The standard outlines the requirements for audiovisual rack planning, design, accommodation, and equipment layout
AVIXA, the Audiovisual and Integrated Experience Association, has released its standard, Rack Design for Audiovisual (AV) Systems
(F502.02:2020), which outlines the requirements for audiovisual rack planning, design, accommodation, and equipment layout. This standard joins the Rack Building for Audiovisual Systems
standard to provide formalized guidelines for efficient design, build, and integration of racks in AV systems.
This new standard covers the fundamental processes and decisions necessary for designing equipment into a reliable AV equipment rack, from rack selection, thermal management, power system design, to earthing (grounding) and bonding requirements. It also covers the design input information that should be available to achieve an agreed-upon outcome prior to designing the rack, including system design documentation, rack location/environment, entry/connection method for site cabling, and more.
According to the standard task group’s co-moderators, Jay Franetovich, CTS, Product Manager, Legrand, and Nick Pidgeon, CTS, Director, Visualization Limited, serviceability is one of many key benefits of the Rack Design standard.
“This standard ensures the system you’re designing is well built. It considers all aspects of the design — including cable management, thermal management, and power — to ensure a reliable system,” said Franetovich. “Additionally, our customer base expects standardization, particularly when there are people from other industries doing multiple aspects of a job. Often, the person who builds the rack is not the same person who services it. A rack designed and built to both AVIXA’s Rack Design and Rack Building standards provides assurance, consistency, and familiarity to the person servicing the rack.”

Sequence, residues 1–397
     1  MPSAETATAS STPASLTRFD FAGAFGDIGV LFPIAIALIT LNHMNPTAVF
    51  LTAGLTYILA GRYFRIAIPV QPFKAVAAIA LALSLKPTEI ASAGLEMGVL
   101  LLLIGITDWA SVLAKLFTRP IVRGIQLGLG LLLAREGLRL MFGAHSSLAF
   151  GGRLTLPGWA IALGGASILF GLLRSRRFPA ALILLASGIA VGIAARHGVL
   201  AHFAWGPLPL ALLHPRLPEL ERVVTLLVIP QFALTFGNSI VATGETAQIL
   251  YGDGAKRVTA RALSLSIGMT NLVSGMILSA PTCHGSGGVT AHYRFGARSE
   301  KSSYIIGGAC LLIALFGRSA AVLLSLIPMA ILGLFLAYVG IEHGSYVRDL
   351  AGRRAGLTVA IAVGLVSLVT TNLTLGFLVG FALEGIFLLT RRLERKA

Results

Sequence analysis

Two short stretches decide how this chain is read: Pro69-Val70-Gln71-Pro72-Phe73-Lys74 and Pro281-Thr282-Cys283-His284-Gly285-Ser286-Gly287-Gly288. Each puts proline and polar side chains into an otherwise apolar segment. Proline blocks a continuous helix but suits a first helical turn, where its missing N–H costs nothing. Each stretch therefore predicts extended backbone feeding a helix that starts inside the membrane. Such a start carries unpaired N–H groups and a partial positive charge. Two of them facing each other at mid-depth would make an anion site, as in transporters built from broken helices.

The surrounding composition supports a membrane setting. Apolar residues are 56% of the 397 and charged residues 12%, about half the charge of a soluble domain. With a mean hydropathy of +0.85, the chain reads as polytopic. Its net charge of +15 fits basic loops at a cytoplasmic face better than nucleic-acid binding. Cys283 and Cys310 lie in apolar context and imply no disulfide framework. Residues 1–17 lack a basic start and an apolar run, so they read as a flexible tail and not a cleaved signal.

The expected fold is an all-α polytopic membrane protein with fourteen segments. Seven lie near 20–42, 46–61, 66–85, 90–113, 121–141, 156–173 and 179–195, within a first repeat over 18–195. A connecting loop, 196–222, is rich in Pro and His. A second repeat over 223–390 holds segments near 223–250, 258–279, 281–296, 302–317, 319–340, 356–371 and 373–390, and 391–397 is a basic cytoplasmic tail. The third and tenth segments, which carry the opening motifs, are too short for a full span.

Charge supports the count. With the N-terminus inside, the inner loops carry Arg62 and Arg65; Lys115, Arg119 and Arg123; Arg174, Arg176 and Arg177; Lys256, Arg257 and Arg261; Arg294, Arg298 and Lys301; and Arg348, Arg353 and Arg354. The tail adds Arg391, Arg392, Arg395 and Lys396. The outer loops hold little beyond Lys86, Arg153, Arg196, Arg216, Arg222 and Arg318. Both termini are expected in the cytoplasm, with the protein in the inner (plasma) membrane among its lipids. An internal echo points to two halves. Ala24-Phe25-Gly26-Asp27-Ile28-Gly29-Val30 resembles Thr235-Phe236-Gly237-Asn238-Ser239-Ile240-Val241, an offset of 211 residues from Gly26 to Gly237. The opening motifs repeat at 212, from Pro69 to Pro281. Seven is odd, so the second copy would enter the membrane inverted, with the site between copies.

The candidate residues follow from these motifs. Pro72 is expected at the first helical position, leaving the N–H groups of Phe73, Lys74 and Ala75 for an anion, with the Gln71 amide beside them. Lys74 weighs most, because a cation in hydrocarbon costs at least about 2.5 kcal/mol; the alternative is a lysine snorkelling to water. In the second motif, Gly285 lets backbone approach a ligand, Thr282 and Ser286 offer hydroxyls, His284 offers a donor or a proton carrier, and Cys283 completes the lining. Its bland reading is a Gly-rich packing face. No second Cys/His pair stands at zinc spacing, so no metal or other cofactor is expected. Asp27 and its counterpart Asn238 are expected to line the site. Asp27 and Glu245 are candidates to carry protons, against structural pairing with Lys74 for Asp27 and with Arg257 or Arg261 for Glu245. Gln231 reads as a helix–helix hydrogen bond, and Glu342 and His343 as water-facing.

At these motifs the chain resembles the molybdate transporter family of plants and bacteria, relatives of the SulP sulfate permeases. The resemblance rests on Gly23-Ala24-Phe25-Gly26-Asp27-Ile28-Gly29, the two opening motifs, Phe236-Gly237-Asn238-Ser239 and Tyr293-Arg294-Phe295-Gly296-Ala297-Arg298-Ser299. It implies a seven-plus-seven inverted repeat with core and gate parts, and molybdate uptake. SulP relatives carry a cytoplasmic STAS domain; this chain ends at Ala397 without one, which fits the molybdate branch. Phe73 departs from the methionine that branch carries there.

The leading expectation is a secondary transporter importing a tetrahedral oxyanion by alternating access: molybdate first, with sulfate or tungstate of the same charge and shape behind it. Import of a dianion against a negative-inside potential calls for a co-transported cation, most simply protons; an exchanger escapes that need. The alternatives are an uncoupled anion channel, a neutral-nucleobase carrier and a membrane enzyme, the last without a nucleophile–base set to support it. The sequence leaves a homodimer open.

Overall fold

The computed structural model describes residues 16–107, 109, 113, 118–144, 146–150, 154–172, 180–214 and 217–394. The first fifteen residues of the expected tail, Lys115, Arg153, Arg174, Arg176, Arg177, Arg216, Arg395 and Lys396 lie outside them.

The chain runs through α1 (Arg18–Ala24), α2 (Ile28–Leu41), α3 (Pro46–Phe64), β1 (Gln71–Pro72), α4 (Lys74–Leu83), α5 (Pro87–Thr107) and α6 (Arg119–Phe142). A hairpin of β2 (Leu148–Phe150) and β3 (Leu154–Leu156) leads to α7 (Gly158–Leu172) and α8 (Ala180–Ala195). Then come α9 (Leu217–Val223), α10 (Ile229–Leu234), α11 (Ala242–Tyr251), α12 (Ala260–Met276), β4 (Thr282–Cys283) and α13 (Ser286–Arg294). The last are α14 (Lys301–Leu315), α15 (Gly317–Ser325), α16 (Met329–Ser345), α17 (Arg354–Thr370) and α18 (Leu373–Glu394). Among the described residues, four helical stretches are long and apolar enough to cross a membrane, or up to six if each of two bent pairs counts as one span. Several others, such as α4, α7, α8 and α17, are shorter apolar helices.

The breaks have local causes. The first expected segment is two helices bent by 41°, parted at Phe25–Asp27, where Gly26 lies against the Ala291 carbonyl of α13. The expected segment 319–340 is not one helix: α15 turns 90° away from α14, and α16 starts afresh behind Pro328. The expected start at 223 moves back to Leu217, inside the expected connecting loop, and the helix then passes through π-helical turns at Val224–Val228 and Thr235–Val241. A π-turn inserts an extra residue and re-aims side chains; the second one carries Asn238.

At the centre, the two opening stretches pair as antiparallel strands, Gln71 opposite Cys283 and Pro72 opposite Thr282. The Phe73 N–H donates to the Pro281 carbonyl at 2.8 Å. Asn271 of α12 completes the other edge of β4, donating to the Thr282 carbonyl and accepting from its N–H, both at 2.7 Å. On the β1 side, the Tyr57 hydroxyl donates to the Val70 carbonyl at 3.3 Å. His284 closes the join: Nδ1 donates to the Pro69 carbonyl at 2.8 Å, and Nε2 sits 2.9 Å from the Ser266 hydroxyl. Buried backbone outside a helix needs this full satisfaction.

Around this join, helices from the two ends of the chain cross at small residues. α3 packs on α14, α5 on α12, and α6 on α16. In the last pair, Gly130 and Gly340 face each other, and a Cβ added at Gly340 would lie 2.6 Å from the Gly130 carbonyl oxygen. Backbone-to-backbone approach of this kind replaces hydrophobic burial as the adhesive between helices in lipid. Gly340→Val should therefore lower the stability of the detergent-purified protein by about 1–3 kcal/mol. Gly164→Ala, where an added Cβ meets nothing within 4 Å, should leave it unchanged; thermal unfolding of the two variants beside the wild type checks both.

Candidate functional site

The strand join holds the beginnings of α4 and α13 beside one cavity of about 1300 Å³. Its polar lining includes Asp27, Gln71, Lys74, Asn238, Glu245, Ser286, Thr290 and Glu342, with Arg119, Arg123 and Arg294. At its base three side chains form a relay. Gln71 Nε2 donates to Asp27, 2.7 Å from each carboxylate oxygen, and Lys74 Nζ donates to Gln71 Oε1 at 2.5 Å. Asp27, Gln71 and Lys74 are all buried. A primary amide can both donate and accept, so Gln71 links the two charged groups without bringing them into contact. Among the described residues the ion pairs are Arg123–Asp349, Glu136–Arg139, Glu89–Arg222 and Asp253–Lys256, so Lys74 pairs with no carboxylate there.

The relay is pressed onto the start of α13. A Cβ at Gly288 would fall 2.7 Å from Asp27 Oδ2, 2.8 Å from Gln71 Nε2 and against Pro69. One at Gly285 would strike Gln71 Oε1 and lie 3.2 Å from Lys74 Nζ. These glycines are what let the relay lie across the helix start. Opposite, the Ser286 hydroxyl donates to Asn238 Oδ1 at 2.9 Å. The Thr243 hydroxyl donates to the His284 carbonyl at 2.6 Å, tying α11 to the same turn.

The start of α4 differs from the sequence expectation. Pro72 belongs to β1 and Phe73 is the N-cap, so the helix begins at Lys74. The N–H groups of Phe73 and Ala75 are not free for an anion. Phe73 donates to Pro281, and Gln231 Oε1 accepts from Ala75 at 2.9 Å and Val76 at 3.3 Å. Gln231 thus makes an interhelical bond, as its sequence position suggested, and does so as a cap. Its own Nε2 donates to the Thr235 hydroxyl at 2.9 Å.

“For me, it comes down to the efficiency of the build and the future serviceability,” said Pidgeon. “Thermal management and serviceability go hand in hand. If the thermal management is poorly addressed, then the system’s longevity will be compromised. And if there is overcapacity — too much equipment within the rack — it’ll be hard to get to the equipment to service it.”
Rack Design for Audiovisual (AV) Systems Standard Task Group Members:
- Jay Franetovich, CTS (co-moderator), Product Manager, Legrand
- Nick Pidgeon, CTS (co-moderator), Director, Visualization Limited
- Jason Brameld, Technical Director, Torpedo Factory Group
- Greg Carstens, CTS-D, CTS-I, Audio/Visual Design Engineer, University of Colorado
- Kenneth Ng, CEO, Mojoworx Asia Ltd.
- Jeroen Oey, CTS, Team Leader/Maintenance-Install, European Commission
“The talented team that developed this standard represents multiple AV disciplines and spans the globe — from manufacturers to AV design engineers from Asia-Pacific to the U.S.,” said Ann Brigida, CTS, CStd, Senior Director of Standards, AVIXA. “It’s important to have a broad scope of voices from different geographies ‘in the room.’ Regional scenarios are critically analyzed, and the best methods win out. The benefits of following AV standards are passed onto the end user in many forms, including savings in cost, energy, and time, while having a high-functioning system.”
About The Author